G’day Vin, and welcome to the Showcase! Let’s kick things off, please and thanks, by introducing you with your bio:
(Vin) I live in Melbourne, Australia. I’m somewhere between a writer and a journalist, with some editing inevitably in the mix. Only two books to my name: a textbook about professional writing I co-wrote 20 years ago (with my good friend Gina Perry, now a world expert on the psychologist Stanley Milgram); and a self-published collection of vignettes, Jacaranda Avenue, about 15 or so years ago. Editors used to find spaces for my gentle stories in the softer parts of newspapers. For the past ten years, I’ve been contributing to the Australian edition of The Big Issue. Day jobs have been writing for organizations that support worthy causes.
Q. (Bill: I genuinely enjoy your writing and musical collaboration.) Tell us what you feel you’re best known for?
A. Nothing especially. Initially, quiet stories about life and family and suburbia and grief and sport and the beach. More recently – the past eight years – I’ve gone from writer/journo working alone at a desk to founding editor and stage director of a project called Stereo Stories. It started as a website for people to write personal stories about favourite songs. Then it became a tightly scripted concert in which writers narrate their stories, backed by the ever-versatile Stereo Stories band. Audiences at writers’ festivals seem to connect with it pretty well. They’re not used to seeing a band up on the stage!
Q. (I love the multimedia.) What would you say brought you here?
A. Cyberspace. Serendipity. Fate. My parents Margaret and Ron. A bicycle, a 10 speed Soma Wolverine that includes parts from my previous bike, a 27 speed Kona Sutra. (Yes, that was the brand name of the bike and, no, I never needed all 27 gears. Melbourne’s pretty flat.)
Q. (And I thought my elementary school classmate with a 3 speed was a showoff!) Setting aside every Kona Sutra joke I could think of, which funnily enough was 27, who’s been a role model or mentor to you?
A. How far back do you want to go? In high school, I studied the Australian poet Bruce Dawe. His work still resonates. Lately, I’ve been re-reading Garrison Keillor: Radio Romance, Liberty, The Book Of Guys.
Q. (The Book of Guys was my intro to Keillor – timeless insights and humour.) And what’s your advice to others?
A. Look left, right and left again before crossing the road. (I have a part-time job as a school crossing supervisor.) Oh, in terms of writing? Put the right words in the right places. Get the rhythm right. And if you’re sending a story to an editor send it to the right person at the right time.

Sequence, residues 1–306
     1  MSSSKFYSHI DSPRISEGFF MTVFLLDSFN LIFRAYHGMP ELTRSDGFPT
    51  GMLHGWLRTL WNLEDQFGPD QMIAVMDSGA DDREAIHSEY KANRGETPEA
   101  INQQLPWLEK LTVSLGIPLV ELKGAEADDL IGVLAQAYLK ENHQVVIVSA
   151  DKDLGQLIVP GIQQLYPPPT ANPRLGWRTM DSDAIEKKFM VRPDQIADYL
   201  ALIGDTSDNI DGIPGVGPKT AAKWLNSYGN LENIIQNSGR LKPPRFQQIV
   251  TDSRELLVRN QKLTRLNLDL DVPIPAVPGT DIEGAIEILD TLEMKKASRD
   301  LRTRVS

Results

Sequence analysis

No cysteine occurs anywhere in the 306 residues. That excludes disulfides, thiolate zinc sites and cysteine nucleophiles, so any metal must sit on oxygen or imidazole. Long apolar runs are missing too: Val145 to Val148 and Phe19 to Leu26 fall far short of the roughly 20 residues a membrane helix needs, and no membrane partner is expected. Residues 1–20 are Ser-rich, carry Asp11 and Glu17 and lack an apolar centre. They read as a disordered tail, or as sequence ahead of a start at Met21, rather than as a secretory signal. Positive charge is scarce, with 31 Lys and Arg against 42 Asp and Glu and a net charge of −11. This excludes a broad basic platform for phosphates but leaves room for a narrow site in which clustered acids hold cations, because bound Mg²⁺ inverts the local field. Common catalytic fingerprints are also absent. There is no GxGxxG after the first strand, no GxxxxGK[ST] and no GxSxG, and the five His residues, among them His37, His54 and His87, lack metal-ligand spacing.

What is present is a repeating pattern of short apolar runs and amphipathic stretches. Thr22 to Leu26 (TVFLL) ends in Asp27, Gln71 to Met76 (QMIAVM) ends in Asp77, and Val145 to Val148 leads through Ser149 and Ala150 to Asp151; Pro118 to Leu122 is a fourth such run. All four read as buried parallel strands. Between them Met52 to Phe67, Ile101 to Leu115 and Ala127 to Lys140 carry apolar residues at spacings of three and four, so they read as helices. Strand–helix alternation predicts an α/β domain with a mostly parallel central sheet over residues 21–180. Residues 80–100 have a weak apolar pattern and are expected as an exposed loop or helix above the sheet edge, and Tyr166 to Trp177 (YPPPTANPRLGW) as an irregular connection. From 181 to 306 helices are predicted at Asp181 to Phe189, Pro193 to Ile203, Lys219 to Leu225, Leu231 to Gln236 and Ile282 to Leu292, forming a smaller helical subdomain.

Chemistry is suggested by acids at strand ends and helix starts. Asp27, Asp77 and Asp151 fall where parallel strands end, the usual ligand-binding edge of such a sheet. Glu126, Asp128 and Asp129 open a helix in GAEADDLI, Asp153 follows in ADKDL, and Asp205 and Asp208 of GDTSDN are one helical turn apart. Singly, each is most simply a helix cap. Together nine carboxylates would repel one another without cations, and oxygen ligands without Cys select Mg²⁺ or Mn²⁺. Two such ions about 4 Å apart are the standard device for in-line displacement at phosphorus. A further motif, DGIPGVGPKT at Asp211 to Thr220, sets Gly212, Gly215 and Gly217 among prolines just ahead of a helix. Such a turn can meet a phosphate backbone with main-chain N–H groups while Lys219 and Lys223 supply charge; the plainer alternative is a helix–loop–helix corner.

Q. (Speaking of timeless insights and humour, well said!) What are you currently working on?
A. The next Stereo Stories concert will be at the Bendigo Writers Festival in May, so I’ve been working with half a dozen guest writers on turning their stories about their favourite songs into performance pieces, and then working with the band on the cues within the stories. It’s all about creating audience anticipation because when I’m MC-ing I never tell the audience the name of each song. And contributions are still trickling into the Stereo Stories website after all these years: we’re nearly up to 600 stories.
Q. (I love that engagement with your audiences, and kudos on the success of Stereo Stories.) And for a radical shift, tell us, what are your favourite: book, album/s, and food dish?
A. Book? Along with those by Garrison Keillor and Bruce Dawe? Australian author Steven Carroll is terrific. And I’ve only just read My Brilliant Friend by Elena Ferrante. Crikey! What a writer.
Album/s? How much time have you got, Bill? The latest Bob Dylan album. Any Rickie Lee Jones album. Jackson Browne, The Blackeyed Susans, The Mercurials, Paul Kelly, Springsteen, Goanna, Garland Jeffreys, kd lang, The Gotan Project …
Food dish? Middle eastern: falafel.
Q. (Ah yes, the album question may’ve been unfair.) So let’s leap to a trademark Quirky Question. Make a choice: Finding Nemo or Finding Dory?
A. I prefer finding stingrays when I go snorkelling though it can sometimes be a case of “Careful what you pray for.”
(Bill) Crikey indeed! Thank you, Vin, this has been great fun. Wishing you a safe and successful festival event in May and many more Stereo Stories for the rest of us to enjoy around the globe.
Find Vin at stereostories.com and on YouTube. And thanks again for joining our Showcase and supporting writers and creativity!
Bill Arnott is the bestselling author of the Gone Viking travel memoirs (Gone Viking: A Travel Saga, Gone Viking II: Beyond Boundaries, Gone Viking III: The Holy Grail) and A Season on Vancouver Island. He’s won numerous book awards and received a Fellowship at London’s Royal Geographical Society for his expeditions. When not trekking with a small pack and journal, Bill can be found on Canada’s west coast, where he lives near the sea on Musqueam, Squamish, and Tsleil-Waututh land.